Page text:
Rafael is a lighthouse keeper in Wales who has an unexplained magical ability to let local kids cross back and forth between the present timeline and the historical timeline of the Bible. When the secret portals open up, the kids can interact with the biblical accounts as they appear to take place on top of the modern world but also in the past at the same time. It’s amazing what a little time travel convenience can do!
Production Quality (0 points)
This Byzantine production has some of the worst Bible props ever, coupled with cheap sets and locations. What’s more, these elements lack cultural and historical authenticity. Elsewhere, grainy video quality and wild camera work make for an unpleasant viewing experience. Audio quality is very poor, and the soundtrack is quite loud. The editing is all over the map, creating a dizzying presentation that confuses the audience. Because of these obvious problems, no points can be awarded here.
Plot and Storyline Quality (-1 points)
Whose idea was this anyway? The very unusual time travel premise of Jacob’s Ladder makes no sense at all. How are the biblical accounts happening on top of modern-day Wales? How do the characters randomly cross back and forth in time, seemingly forming an alternate timeline? Are they just imaging that this is happening, or is it really occurring? How are they able to sometimes become characters in the historical accounts and actually influence the Bible events? This series was basically doing Assassin 33 AD before their time. In other aspects of this section, live narration is extremely annoying since it leaves nothing to chance. The stories that are chosen for this season are different from usual biblical entertainment, but they are crammed into tine timeframes that leave little room for anything interesting. Both the narration and the rapid-fire narrative presentation short-circuit character development, not to mention that the dialogue is totally bland. In the end, there is too much negative here due to the outrageous and unexplained alterations of historical events, making this section negative.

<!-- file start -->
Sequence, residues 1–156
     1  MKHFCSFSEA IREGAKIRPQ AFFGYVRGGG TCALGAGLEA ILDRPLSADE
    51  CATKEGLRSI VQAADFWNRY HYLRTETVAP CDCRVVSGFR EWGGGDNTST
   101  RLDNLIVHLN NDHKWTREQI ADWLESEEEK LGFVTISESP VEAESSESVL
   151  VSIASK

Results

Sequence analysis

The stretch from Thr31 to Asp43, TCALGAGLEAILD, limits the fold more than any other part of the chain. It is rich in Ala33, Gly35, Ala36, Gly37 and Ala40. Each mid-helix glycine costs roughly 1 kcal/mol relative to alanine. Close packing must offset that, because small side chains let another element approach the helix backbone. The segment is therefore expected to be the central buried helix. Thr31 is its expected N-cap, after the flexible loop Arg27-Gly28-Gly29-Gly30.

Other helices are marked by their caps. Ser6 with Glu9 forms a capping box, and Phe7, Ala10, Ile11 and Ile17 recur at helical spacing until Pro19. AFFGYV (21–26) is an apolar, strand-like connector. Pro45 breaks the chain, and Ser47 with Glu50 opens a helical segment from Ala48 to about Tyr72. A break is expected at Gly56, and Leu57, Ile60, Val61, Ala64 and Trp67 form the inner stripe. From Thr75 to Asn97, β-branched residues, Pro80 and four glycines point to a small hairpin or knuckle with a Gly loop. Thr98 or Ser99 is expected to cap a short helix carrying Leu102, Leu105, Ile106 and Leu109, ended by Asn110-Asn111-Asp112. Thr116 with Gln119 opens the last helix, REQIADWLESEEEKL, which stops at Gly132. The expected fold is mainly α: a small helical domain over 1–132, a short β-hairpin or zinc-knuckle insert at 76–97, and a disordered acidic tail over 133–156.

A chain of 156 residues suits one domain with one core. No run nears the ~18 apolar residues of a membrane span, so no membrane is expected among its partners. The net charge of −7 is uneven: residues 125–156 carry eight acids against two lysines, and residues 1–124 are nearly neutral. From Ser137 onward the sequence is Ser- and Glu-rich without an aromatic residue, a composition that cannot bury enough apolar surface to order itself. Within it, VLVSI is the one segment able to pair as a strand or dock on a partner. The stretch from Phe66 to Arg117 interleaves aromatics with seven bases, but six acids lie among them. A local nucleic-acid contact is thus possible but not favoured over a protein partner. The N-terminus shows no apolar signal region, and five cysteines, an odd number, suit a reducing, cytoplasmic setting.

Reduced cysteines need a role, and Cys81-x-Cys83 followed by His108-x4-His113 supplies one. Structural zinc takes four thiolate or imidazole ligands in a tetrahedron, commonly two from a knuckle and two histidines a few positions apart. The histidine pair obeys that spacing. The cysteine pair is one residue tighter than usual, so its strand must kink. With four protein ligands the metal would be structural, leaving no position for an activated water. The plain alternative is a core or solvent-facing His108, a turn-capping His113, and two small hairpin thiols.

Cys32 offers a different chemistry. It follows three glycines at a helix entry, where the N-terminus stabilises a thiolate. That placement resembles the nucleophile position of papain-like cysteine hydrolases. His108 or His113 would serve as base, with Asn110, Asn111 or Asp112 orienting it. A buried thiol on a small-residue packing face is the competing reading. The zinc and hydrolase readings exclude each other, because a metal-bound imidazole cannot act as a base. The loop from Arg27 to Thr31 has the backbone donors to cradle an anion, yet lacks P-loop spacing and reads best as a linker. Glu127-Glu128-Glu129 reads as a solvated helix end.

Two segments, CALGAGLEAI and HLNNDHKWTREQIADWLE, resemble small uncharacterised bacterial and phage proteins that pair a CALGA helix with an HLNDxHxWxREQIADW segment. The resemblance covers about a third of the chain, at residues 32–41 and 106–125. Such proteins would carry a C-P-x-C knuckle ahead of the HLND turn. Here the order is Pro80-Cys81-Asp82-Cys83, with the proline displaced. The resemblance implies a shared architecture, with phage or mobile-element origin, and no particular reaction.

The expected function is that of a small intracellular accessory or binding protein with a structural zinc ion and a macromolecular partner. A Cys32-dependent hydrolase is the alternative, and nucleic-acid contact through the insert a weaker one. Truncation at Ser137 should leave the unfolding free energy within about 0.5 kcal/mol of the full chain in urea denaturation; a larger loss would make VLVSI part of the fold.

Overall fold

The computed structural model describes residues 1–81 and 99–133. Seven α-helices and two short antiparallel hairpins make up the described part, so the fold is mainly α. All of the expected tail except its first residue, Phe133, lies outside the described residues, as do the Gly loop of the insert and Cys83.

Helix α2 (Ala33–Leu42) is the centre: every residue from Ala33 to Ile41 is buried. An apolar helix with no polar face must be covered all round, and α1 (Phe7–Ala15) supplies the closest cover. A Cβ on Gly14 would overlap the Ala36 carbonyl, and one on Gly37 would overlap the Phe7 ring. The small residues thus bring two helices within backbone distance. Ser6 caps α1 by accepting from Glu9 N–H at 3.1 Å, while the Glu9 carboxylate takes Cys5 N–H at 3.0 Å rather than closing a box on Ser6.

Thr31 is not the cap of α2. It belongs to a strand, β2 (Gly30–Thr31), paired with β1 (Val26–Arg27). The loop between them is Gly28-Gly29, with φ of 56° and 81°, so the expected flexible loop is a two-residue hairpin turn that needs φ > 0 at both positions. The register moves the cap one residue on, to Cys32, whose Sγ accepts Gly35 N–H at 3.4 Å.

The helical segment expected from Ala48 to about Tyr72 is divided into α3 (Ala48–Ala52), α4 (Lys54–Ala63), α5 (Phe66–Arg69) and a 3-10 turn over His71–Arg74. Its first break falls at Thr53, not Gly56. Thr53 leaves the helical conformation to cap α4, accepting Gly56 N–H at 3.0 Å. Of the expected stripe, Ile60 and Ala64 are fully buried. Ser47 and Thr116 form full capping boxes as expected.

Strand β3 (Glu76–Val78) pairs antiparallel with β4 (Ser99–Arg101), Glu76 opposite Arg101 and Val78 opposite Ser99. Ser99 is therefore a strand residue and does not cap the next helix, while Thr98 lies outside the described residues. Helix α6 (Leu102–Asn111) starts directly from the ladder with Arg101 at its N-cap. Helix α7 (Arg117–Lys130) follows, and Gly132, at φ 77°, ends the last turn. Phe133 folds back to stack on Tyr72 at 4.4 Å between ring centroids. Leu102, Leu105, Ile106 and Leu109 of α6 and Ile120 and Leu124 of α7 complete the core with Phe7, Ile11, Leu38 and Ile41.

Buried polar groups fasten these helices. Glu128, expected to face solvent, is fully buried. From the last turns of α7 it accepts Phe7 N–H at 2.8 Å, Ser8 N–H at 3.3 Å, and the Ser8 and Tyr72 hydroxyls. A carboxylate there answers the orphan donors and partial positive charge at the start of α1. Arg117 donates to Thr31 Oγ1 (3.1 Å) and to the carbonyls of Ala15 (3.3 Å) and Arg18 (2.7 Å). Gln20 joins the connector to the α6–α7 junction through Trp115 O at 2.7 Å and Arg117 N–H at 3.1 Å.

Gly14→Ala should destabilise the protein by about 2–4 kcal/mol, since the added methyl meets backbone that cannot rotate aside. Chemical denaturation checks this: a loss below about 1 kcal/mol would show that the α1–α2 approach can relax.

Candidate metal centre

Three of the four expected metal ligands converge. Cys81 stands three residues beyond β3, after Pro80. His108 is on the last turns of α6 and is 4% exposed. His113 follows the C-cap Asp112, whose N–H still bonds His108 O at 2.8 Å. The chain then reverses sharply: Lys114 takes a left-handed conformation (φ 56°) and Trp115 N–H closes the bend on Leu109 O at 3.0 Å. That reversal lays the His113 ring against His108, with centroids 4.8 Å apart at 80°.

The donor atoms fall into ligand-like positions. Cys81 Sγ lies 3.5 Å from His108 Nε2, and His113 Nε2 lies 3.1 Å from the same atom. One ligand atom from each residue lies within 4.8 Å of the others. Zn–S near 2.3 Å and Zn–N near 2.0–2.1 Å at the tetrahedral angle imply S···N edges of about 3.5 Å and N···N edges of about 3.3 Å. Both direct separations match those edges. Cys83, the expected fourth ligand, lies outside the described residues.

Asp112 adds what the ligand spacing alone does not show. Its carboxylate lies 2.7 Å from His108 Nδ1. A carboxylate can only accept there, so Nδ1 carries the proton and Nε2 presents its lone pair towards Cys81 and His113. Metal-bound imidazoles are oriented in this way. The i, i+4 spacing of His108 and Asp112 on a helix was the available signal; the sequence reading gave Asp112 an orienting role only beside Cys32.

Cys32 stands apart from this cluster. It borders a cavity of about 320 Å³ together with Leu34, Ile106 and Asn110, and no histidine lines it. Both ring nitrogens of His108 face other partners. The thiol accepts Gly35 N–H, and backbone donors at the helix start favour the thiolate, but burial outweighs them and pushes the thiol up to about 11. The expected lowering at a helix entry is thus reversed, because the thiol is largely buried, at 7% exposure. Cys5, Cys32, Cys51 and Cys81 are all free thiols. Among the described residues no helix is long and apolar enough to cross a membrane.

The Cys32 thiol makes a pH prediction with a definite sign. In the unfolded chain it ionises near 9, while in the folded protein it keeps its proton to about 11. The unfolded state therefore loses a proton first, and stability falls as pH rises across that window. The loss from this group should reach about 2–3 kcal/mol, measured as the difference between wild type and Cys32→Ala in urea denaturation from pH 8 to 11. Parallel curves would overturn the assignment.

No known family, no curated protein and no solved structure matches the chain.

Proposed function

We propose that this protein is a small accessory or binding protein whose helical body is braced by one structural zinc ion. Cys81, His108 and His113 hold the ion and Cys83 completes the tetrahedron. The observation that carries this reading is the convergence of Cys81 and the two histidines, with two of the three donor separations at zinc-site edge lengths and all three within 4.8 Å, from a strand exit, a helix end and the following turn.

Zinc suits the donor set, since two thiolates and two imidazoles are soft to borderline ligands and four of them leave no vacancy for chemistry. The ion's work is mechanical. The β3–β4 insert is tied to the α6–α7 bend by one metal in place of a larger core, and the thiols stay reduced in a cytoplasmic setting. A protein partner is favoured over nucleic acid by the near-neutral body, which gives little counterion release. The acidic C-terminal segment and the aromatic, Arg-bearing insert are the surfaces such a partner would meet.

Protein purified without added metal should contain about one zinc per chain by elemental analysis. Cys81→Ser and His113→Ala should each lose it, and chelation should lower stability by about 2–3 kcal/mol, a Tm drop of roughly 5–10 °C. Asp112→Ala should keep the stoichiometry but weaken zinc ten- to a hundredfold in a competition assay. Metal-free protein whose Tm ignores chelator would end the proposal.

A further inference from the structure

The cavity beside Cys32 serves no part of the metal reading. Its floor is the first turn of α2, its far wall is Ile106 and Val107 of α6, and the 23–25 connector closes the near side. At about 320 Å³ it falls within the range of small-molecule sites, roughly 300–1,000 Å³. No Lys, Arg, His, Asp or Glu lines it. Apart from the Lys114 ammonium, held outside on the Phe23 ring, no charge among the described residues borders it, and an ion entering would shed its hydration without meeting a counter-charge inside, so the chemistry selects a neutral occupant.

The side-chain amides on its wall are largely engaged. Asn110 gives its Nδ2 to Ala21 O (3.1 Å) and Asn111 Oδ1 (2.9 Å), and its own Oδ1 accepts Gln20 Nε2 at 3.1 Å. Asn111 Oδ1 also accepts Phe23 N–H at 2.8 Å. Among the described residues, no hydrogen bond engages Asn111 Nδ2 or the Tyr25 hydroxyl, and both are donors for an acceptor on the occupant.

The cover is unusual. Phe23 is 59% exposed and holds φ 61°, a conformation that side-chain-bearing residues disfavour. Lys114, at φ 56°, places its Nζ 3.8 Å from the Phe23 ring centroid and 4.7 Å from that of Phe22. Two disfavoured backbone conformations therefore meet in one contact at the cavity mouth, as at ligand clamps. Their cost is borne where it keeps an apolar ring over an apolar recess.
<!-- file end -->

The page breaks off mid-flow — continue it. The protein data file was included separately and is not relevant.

Acting Quality (0 points)
Mixing terrible homemade Bible-play-caliber costuming with modern-day dress is never a good recipe for historical entertainment success, but Jacob’s Ladder does just this. Makeup work also leaves a lot to be desired. Like many projects before it, this series lacks historical and cultural authenticity in casting and even reuses cast members for different stories. The actual performances are covered up with this nonsense, but they still aren’t very good. Emotional and line delivery are very staged and robotic. Hence, no points can be justified here.
Continuity Quality (0 points)
After enduring an annoying opening sequence, viewers are forced to see one thing happen after the next without any significant arcs or themes. There are little to no subplots that are followed throughout the season, and the characters remain static throughout the series. This project might as well have been an anthology with how little continuity there was between episodes, so once again, no points can be given here.
If watchers aren’t thoroughly confused about the Bible after seeing Jacob’s Ladder, they’ll be turned off to its very low-quality presentation. This absolute train wreck should have never existed and now only serves as yet another example of how not to do it. Hopefully, in our current entertainment market, we’re past seeing utter nonsense like this come out.
Final Rating: -1 out of 14 points